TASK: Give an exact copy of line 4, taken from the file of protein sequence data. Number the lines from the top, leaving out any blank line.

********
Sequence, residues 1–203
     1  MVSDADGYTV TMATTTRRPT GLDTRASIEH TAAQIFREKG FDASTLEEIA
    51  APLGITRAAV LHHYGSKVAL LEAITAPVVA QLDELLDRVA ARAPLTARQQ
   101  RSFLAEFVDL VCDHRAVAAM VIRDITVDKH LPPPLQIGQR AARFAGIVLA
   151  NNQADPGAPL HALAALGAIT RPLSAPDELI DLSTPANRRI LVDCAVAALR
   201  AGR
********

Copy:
   101  RSFLAEFVDL VCDHRAVAAM VIRDITVDKH LPPPLQIGQR AARFAGIVLA